The following cluster was cluster 6 that had an average litre of 14.02 milk peak value per day and then clustered 2 with an average of 12.57 litres on average per day. The lowest-performing cluster was cluster 4 with a milk peak value of 9.15 litres per day and cluster 5 with a milk peak value of an average of 11.08 litres per day. The last was cluster 3, with an average milk peak value of 11.63 litres per day. Cluster 1 had smallholder dairy producers who produced more milk and hence had a higher milk peak value per day than the other clusters. On the other hand, cluster 4 has smallholder dairy producers with low milk yield and, therefore, low daily peak value.

3.3. Overall Cluster Performance for All Production Features

To determine the overall performance and position of the cluster based on the production features, mean of means employed. The means are the aggregate mean value of numerous samples from the same population. Cluster 1 was the top performer of all the majority of product features, with (53%), followed by cluster 2 (49%), and finally cluster 6 (47%). Because smallholder dairy producers in cluster 1 responded well to the majority (about 7 out of 10) production features, the result suggests that cluster 1 has many best-performed production features that led to higher milk yield than other clusters. Production features considered were feed type, watering frequency, feeding frequency, milking frequency, extension officer visit, and enough land for cattle keeping. Furthermore, the results suggest that cluster 5 (43%) had the lowest performance in terms of milk yield, followed by cluster 3 (39%), and finally cluster 4 (33%; see Figure 5). The results obtained suggest that the production features that directly impact milk yields, such as feed type, feeding frequency, milking frequency, vaccination, extension officer visits, and total land, are poorly practised in these lower-performing clusters.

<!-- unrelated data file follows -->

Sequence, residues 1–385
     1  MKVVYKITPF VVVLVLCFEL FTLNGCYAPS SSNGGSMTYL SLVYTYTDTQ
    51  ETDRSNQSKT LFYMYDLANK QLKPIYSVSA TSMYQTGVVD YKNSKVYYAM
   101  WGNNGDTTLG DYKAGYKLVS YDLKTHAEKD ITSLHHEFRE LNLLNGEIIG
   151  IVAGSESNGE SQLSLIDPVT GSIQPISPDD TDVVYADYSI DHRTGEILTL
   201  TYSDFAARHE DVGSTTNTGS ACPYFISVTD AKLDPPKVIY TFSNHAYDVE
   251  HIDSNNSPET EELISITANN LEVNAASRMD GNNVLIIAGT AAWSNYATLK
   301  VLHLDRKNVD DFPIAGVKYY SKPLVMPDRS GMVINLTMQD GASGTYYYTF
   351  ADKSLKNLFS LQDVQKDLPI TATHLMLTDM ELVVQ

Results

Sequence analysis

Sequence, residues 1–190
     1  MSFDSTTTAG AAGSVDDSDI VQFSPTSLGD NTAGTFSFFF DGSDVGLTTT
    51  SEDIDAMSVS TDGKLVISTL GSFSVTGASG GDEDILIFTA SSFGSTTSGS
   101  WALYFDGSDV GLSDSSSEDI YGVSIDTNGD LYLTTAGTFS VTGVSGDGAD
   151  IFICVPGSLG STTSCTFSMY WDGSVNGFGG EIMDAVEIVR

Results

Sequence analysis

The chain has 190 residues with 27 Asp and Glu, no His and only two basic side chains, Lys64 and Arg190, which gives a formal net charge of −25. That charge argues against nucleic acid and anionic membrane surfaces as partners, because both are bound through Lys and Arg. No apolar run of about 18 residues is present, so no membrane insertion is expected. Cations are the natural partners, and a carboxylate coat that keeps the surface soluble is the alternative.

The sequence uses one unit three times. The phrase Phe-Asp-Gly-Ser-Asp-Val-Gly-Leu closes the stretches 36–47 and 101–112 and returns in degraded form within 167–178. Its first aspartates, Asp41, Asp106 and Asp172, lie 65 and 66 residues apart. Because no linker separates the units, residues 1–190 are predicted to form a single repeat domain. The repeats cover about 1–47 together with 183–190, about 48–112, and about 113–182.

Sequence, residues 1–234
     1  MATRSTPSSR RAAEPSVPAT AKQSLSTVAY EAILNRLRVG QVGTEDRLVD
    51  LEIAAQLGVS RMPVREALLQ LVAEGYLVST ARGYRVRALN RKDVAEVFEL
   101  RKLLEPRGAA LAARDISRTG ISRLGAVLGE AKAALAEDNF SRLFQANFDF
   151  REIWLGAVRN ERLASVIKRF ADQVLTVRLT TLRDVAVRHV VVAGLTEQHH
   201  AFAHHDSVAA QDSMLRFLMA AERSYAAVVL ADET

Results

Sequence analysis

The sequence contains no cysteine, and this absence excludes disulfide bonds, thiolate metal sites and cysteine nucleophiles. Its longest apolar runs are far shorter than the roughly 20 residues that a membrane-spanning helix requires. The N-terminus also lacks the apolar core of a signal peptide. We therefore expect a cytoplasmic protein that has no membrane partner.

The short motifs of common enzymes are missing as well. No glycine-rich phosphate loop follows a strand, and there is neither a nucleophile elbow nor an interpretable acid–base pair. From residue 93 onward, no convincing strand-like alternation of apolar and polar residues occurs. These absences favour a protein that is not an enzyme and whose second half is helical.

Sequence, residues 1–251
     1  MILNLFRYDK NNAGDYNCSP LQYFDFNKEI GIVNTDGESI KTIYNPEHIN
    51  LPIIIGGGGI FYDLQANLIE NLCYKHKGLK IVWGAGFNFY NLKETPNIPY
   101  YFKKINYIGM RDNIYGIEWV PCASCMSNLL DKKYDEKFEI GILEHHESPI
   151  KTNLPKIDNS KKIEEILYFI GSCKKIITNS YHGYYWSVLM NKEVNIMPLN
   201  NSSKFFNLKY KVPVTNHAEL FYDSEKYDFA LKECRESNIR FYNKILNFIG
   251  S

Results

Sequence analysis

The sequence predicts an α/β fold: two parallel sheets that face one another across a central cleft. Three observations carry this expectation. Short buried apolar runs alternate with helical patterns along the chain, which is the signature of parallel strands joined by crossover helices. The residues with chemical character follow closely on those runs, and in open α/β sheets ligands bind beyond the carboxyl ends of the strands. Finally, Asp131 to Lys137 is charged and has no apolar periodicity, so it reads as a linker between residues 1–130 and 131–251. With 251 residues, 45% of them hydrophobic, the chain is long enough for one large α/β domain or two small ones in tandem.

The standard of means measures clusters’ performance to the overall production features to identify the overall position of groups. Figure 5 depicts cluster performance as a whole, with smallholder dairy producers classified into clusters depending on their output in terms of milk yield. The best-performing cluster is where the best-performing smallholder dairy producers are assigned, with the following best performers assigned to the next best-performing group, and so on. The lowest-performing cluster is where lower-performing smallholder dairy producers are assigned, with the next lowest-performing farmer assigned to the lowest-performing group, and so on. The mean of means is employed to measure the performance of clusters to the overall production features; to calculate the mean of means, see equation (1).

3.4. Rule-Based Engine Profiling
3.4.1. First Phase Profiling

The criteria for profiling are the number of milking cows, total land, extension officer visit frequency, vaccination frequency, watering frequency, feed type, feeding frequency, milking frequency, a litre of milk sold, and milk peak value. Each cluster has distinct milk peak value components (range in litres) based on its production performance and position, as shown in Table 3. The milk peak value automatically allocates smallholder dairy producers to their respective clusters using a rule-based engine. As part of a dairy farming management strategy that allows smallholder dairy farmers to learn from their peers, the other nine production features are considered dairy farming management. Smallholder dairy producers’ clusters are assigned based on their milk yield (milk peak value). However, some smallholder dairy producers may encounter peers in that cluster who have the exact milk yield but differ in some of the nine production parameters of milking cows. Therefore, the rule-based engine for peer-to-peer learning became more efficient for smallholder dairy producers. The scale (range for milk peak value) used as a condition for assigning smallholder dairy producers to their respective clusters is shown in Table 4.